Wednesday, September 30, 2009

A sweet alternative to kayexelate?

Trust the Swiss to approach a problem from a confectioners viewpoint. The options for managing hyperkalemia in dialysis patients have always been limited and unpalatable, but this preliminary clinical study from Berne provides some hope. It suggests that giving glycyrrhetinic acid may be effective. This compound, commonly found in liquorice, usually just makes up the numbers somewhere near the bottom of lists of causes of secondary hyperaldsteronism. It works by inhibiting the enzyme 11b-hydroxy-steroid dehydrogenase II, increasing cortisol availability at the mineralocorticoid receptor. It appears that there is significant expression of this receptor in the colon, potentially explaining the potassium-lowering effect in ESRD.


Over 6 months of follow-up, the frequency of severe hyperkalemia significantly decreased from 9% to 0.6% in the treatment arm of this small, prospective RCT. Mean pre- and post dialysis systolic/diastolic blood pressure values were comparable on GA and placebo. However, before you start reaching for the Allsorts, be aware that this was a tiny study (10 patients) and needs a longer term study of toxicity before widespread use can be proposed.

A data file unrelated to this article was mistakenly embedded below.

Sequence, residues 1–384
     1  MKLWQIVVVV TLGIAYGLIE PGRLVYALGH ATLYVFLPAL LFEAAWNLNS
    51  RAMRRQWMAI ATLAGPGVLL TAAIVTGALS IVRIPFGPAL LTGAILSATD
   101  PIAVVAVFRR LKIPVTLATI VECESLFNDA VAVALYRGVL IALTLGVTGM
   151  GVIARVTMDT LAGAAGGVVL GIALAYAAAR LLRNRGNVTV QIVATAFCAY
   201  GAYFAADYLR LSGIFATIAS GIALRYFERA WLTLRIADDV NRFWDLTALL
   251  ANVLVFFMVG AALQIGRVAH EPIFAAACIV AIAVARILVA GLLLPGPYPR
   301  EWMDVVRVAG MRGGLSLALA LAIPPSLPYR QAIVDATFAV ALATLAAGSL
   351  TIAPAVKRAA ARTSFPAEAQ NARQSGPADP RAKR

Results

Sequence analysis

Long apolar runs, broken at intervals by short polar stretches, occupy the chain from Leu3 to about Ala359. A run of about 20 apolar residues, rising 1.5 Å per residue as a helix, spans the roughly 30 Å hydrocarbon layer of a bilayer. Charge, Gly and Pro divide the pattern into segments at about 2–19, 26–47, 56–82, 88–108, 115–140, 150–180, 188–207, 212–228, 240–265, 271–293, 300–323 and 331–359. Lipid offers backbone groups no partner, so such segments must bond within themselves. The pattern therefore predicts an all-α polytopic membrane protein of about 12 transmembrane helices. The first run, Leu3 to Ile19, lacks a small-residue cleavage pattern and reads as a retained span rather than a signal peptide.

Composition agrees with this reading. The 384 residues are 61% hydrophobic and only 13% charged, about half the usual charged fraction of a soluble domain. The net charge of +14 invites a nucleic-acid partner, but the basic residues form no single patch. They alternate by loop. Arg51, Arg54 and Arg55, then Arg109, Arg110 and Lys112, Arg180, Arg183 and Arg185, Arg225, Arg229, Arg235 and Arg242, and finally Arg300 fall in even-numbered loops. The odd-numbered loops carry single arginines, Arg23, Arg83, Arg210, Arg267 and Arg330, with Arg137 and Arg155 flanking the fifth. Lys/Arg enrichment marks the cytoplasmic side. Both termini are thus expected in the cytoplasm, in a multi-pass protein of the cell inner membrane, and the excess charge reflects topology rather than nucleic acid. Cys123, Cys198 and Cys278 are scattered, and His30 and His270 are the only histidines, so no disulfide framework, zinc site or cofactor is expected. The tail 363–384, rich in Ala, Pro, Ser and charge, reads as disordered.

5 comments:

ali said...

It will be intersting also to know their blood pressure control with this treatment as most of these patients have high BP and obviously this kind of treatment will affect BP.

AK

Conall O' Seaghdha said...

Hi AK,
Good point, I forgot to mention that. The mean pre- and post dialysis systolic/diastolic blood pressure
values were comparable on GA and placebo. I've updated the piece.
Thanks for the feedback,
C

Zach said...

I believe that Earl Grey tea also has a potassium lowering effect.

VickyLou said...

Hmmmmm...a sweet alternative?? This, I'd like to know about.
I wish there was something like kayexelate, only in pill form...and with a sweet aftertaste for good measure! And available by prescription...like phosphate binders.
Believe me: I know how horrible that kayexelate tastes! I remember I had to take it once when I was in the hospital. I specifically requested a ton of sugar so I could mix the sugar in, so that it might not taste so bad...BLECH!!!
~~Vicky

Anonymous said...

But in patients with CKD and very little renal function how much of an effect will be there on distal tubules for potassium excretion? VR